Imagine a world with less expensive and more resilient crops, plants that can meet the world’s need for liquid biofuels, no more malaria-carrying mosquitos, real blue roses, living woolly mammoths, unicorns and a few devastating new plagues.

These fantasies may before long become realities through the use of a biomolecular tool called CRISPR/Cas9 or its descendants. CRISPR/Cas9 is the most important biological invention thus far in the 21st century: it opens the entire living world to human manipulation, far more accurately, cheaply and easily than ever before. Much ink has been spilled over the possible implications of its use in humans; far too little about humans’ possible uses of it on the rest of the biosphere.

What exactly is CRISPR/Cas9?

CRISPR/Cas9 is two acronyms: Clustered Regularly Interspaced Short Palindromic Repeats and CRISPR-Associated Protein 9. Thousands of molecular complexes like it were invented billions of years ago by bacteria as protection against viruses. Researchers spent a over decade trying to understand these CRISPRs before, in 2012, Jennifer Doudna and Emmanuelle Charpentier saw how humans could harness them.

Basically, it makes it possible to cut DNA at very precise spots and, if desired, take out one stretch of DNA and substitute another. DNA editing had been done in laboratories for about 40 years, but CRISPR/Cas9 is at least 10 times more accurate, faster, easier and less expensive. In about three years, thousands of laboratories around the world have begun to use it successfully in research on an enormous range of living things.

CRISPR is like the Model T Ford. The Model T was not the first car, and it was not the last car, but it was (at least in the United States) the inflection point. Cars went from being the expensive, unreliable province of the curious rich to something anyone could, and soon did, own. With CRISPR/Cas9, and its inevitable descendants, genome editing will become similarly widely available and widely used – “democratized”.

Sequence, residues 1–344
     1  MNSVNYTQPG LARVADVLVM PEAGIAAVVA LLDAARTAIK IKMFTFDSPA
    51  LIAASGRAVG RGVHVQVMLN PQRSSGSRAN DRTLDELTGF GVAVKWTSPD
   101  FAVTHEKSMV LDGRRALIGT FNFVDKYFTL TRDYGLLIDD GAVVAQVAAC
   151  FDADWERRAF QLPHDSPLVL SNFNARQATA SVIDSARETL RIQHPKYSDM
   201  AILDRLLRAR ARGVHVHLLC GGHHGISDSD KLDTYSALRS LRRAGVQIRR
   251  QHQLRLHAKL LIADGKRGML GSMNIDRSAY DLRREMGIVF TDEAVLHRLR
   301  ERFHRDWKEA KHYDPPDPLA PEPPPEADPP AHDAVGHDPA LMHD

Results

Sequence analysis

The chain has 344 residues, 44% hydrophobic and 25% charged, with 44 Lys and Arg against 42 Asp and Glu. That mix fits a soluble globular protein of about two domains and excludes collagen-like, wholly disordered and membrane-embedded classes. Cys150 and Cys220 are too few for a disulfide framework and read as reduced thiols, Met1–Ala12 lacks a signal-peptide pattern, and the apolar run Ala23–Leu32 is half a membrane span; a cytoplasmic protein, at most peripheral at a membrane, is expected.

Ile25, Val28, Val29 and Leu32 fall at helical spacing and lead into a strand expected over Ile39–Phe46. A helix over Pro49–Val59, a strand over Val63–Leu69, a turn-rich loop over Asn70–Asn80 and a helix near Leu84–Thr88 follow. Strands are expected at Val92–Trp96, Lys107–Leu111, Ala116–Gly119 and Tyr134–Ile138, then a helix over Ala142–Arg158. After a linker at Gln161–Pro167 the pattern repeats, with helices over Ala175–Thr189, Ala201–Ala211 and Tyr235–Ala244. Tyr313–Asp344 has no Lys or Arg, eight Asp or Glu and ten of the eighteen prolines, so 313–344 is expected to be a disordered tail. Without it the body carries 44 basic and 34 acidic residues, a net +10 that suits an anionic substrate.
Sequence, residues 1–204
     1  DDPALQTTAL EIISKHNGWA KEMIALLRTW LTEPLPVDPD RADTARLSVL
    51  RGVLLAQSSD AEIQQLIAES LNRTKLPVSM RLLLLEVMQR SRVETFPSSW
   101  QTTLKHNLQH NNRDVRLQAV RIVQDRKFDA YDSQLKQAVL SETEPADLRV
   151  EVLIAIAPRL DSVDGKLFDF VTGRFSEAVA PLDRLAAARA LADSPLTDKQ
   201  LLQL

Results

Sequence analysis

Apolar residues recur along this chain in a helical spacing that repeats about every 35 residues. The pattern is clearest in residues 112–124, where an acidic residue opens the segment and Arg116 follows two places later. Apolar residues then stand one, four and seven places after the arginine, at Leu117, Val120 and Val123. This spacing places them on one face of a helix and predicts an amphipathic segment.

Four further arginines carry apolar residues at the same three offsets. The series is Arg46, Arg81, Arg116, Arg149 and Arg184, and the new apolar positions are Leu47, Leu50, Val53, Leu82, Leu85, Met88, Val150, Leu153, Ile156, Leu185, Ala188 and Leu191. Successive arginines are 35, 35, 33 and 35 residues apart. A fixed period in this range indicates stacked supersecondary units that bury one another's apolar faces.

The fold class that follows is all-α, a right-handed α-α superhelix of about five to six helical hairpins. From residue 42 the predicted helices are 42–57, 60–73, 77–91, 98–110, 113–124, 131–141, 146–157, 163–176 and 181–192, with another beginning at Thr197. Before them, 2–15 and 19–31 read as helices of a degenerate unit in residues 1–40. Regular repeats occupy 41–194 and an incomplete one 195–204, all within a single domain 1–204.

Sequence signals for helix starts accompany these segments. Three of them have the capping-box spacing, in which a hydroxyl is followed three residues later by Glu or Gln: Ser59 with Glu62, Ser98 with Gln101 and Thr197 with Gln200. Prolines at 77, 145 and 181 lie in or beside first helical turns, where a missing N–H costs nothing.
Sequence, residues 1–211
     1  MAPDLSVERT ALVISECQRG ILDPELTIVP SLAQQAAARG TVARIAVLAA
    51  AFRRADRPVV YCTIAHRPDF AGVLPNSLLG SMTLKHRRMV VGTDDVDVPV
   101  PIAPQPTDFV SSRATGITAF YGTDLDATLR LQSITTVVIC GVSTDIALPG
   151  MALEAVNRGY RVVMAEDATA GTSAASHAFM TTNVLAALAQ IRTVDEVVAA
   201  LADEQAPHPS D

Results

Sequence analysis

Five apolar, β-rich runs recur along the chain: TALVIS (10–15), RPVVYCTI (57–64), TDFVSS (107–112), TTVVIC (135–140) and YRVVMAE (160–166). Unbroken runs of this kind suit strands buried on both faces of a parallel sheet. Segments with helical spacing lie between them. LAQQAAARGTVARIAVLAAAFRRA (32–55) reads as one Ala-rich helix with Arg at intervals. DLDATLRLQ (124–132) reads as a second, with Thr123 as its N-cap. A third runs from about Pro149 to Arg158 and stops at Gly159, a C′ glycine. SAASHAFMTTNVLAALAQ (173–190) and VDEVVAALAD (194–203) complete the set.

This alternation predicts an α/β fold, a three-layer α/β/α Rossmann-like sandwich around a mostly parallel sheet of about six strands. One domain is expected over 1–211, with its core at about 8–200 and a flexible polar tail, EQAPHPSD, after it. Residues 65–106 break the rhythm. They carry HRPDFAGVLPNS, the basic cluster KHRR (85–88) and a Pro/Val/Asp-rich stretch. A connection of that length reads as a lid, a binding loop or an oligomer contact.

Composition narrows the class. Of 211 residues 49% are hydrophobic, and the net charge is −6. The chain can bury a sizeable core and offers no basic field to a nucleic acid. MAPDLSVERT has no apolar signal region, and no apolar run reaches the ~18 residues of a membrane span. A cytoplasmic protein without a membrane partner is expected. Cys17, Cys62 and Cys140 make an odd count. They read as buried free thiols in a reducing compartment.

The designer babies myth

Since March 2015, discussion has raged about CRISPR/Cas9 and, more broadly, genome editing. Its focus has been almost exclusively on the use of the technique in people; the early December International Summit on Human Gene Editing was, as its name indicated, devoted entirely to uses in humans.

This is a mistake. Humans will not be early targets. We are terrible experimental animals – we don’t follow orders well, plus we have long generation times … and lawyers. Gene editing in humans for disease or enhancement will need medical professionals and is heavily regulated. Gene editing to make “designer babies” will be insanely risky for many years, would require doctors and in vitro fertilization clinics, is illegal in many countries and, if allowed at all, will be even more heavily regulated. Plus, apart from a few diseases, we know next to nothing about how to “improve” the human genome. Whether designer babies should ever be allowed is deeply controversial; it should not be controversial that any plausible efforts are decades away.